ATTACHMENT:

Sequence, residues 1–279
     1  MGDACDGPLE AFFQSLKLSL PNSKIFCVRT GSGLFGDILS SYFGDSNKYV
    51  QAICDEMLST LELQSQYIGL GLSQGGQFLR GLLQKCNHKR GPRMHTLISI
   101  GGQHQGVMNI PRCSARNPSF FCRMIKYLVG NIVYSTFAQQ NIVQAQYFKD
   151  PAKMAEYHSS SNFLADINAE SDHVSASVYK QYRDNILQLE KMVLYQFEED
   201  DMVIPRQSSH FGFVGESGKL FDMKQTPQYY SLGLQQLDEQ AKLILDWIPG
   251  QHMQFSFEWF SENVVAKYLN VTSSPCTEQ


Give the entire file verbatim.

Sequence, residues 1–279
     1  MGDACDGPLE AFFQSLKLSL PNSKIFCVRT GSGLFGDILS SYFGDSNKYV
    51  QAICDEMLST LELQSQYIGL GLSQGGQFLR GLLQKCNHKR GPRMHTLISI
   101  GGQHQGVMNI PRCSARNPSF FCRMIKYLVG NIVYSTFAQQ NIVQAQYFKD
   151  PAKMAEYHSS SNFLADINAE SDHVSASVYK QYRDNILQLE KMVLYQFEED
   201  DMVIPRQSSH FGFVGESGKL FDMKQTPQYY SLGLQQLDEQ AKLILDWIPG
   251  QHMQFSFEWF SENVVAKYLN VTSSPCTEQ